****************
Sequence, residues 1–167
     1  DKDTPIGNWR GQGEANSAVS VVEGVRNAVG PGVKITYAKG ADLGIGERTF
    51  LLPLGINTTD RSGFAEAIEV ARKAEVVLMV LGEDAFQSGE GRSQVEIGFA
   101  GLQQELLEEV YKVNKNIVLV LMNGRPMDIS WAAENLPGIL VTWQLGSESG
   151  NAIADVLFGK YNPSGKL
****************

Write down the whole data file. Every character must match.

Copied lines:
Sequence, residues 1–167
     1  DKDTPIGNWR GQGEANSAVS VVEGVRNAVG PGVKITYAKG ADLGIGERTF
    51  LLPLGINTTD RSGFAEAIEV ARKAEVVLMV LGEDAFQSGE GRSQVEIGFA
   101  GLQQELLEEV YKVNKNIVLV LMNGRPMDIS WAAENLPGIL VTWQLGSESG
   151  NAIADVLFGK YNPSGKL